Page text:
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Why do we do it this way?

I've owned my Large Egg for about 2 yrs - love it!  Working on getting better with each cook.  I'm a long time lurker on the site, but this is my first discussion question.  Please take it easy on a newbie!

My question is this:  When doing steaks, or really any moderate or higher cook temperature, why do we put the rub on BEFORE we put the meat on the heat?  With the exception of salt, most of our rub ingredients are organic in nature - basically dried and ground plant matter.  Plant material burns.  Spices contain oils that will burn, or at least evaporate under heat.  Aren't we losing a lot of flavor by doing this?

To test this before sticking my foot in my mouth on the forum, I tried seasoning a steak after cooking.  Not bad, but definitely not as good as seasoning before.  So why does seasoning before cooking work so well, when it seems we would be burning up all of the good stuff?


  • Ragtop99Ragtop99 Posts: 1,383
    There are some that sear, then add spices, and finish the cook at low temp.

    I suspect the spices survive in part because the meat has moisture and the spices absorb some of it or that surface evaporation cools the spices enough to keep them from burning.
    Cooking on an XL and Medium in Bethesda, MD.
  • SkiddymarkerSkiddymarker Posts: 7,271
    edited March 2013
    You are right, but maybe its the salt you are tasting. Salt is a mineral and will survive the sear, the other stuff in the rub will not. I use the reverse sear and SWMBO says the steak/chop tastes better, she tastes the rub not the char. @Ragtop99 has a point that the wet surface will save some of the rub if seared in a diamond grid pattern, but the full mahogany brown Trex surface will have only salt left, IMHO, that's why many season after the Trex sear.
    With a reverse sear, I think the rub has a chance to interact with the meat and the meat will take on some smoke. Then I blast the hell out of it. 
    Maybe the rub first, then sear technique was developed by the rub guys, they may sell more!
    Delta B.C. - Vee-Gan: old Indian word for poor hunter. 
  • nolaeggheadnolaegghead Posts: 17,142
    People like blackened seasoning.  That's meat covered in a bunch of spices cooked with burning butter on a 600 F griddle.  If you like the taste, keep doing it.
    This is my signature line just so you're not confused.
    Large and Medium BGE, Kamado Joe Jr., smoker with a 5k btu AC, gas grill, fire pit, pack of angry cats, two turntables and a microphone, my friend.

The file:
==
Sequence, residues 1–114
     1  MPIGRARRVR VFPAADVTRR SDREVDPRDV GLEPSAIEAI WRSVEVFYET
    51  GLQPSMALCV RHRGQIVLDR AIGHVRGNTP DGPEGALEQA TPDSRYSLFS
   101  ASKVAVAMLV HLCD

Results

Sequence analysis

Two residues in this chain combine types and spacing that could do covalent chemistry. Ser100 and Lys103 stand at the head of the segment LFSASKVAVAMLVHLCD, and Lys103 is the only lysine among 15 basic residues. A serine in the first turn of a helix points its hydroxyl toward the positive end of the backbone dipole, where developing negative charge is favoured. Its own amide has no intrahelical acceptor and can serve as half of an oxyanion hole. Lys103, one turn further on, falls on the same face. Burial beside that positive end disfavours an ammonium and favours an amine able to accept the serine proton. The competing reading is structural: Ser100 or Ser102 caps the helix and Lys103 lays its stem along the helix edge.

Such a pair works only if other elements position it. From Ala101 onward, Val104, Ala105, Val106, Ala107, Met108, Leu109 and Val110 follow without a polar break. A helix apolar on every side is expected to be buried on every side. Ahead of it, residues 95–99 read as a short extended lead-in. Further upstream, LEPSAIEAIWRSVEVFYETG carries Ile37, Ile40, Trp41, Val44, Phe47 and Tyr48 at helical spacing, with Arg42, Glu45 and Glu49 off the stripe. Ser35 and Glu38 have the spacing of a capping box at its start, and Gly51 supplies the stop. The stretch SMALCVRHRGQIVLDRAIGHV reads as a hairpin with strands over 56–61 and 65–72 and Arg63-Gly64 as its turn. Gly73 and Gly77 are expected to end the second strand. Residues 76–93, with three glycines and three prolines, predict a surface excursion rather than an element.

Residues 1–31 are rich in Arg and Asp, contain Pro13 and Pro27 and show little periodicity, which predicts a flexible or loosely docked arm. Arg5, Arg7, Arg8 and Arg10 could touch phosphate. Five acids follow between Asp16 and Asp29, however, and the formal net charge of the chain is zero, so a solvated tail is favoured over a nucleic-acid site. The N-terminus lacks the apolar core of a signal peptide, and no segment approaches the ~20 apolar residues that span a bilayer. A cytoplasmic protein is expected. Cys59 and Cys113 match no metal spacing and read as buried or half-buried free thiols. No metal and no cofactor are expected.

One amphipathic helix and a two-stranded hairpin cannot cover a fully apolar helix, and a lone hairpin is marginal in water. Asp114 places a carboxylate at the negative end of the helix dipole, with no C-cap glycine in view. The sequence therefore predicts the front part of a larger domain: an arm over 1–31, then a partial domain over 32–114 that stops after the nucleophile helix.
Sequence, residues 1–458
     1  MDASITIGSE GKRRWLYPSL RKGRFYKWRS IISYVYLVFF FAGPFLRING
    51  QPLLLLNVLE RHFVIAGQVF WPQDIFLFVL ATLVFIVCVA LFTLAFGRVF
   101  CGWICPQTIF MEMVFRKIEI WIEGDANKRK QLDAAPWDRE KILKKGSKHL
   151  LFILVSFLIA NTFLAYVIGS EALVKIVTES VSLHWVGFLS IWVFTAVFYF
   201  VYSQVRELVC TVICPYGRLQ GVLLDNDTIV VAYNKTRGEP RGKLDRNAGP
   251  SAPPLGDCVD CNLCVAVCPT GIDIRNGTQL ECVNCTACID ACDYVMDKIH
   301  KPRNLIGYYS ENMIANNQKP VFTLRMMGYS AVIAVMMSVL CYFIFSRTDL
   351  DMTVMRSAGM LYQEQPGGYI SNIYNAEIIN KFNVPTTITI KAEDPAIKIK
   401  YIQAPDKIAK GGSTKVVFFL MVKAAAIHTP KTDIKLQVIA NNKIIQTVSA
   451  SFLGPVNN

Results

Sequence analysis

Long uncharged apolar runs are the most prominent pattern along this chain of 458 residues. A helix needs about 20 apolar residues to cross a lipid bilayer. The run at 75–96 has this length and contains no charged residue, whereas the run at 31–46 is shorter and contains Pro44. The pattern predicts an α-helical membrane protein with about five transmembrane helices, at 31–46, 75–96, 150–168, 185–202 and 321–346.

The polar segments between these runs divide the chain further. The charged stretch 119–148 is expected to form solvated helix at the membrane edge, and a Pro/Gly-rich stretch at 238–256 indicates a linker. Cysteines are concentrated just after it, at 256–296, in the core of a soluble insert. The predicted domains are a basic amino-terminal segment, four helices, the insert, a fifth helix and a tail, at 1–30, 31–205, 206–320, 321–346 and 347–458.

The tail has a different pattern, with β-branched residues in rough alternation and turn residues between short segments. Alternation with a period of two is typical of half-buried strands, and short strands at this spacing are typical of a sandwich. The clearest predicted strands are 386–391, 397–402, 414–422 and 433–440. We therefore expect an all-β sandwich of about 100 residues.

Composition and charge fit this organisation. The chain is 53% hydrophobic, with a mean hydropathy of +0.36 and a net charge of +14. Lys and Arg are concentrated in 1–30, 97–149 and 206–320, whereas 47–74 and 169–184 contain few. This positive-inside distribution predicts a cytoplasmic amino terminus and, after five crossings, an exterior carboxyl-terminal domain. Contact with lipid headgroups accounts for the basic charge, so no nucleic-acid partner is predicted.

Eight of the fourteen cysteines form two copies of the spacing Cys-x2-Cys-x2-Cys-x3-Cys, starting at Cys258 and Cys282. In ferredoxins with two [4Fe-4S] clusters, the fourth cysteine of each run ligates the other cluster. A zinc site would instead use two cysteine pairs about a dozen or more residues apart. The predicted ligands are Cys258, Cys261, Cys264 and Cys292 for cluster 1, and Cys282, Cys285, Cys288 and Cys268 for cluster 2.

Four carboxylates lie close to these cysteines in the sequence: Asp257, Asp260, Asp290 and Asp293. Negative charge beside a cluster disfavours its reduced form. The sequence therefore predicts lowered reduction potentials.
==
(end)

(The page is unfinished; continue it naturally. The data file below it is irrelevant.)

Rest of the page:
New Orleans, LA - we know how to eat 

  • DuganboyDuganboy Posts: 1,118
    Different tastes for different people.  If you have a nice choice or prime steak, to me it only needs sea salt and coarse ground pepper.  I want to taste the steak, the char and a "little" seasoning.

    As to the science I'm going with whatever @nolaegghead says.
  • ratcheerratcheer Posts: 189
    I have done it both ways. Both ways are very good. But I have a slight preference for seasoning before cooking. Because my wife has a great preference for seasoning before cooking, that is the way I usually do it. ;)

  • fishlessmanfishlessman Posts: 17,990
    i salt, sear, season, rest, roast a steak. i dont like the bitter taste of pepper garlic, paprika etc being burnt during the sear so it goes on and mingles during the rest and roast.
  • YEMTreyYEMTrey Posts: 2,865
    edited March 2013
    Thanks!  This popped into my head when I read your title.
    XL and a Mini Max Egg in Cincinnati, Ohio
  • FanOfFanboysFanOfFanboys Posts: 1,882
    Like @duganboy said I only use salt, I use sea salt, and once it's resting slice of butter. Occasionally while resting I will use a little bit of garlic salt and parsley. But I don't use anything outside of that.
    Good question though
  • I only use a little bit of freshly ground salt and pepper patted into the meat just before it goes on the egg.
    "America has only three cities: New York, San Francisco, and New Orleans. Everywhere else is Cleveland." -Tennessee Williams
  • Evoo,sea salt,pepper,garlic powder for me. 600-650 1-2 mins per side. Bring it back down to 400 for 2 mins per side = perfect for me. Times depend on cut though.
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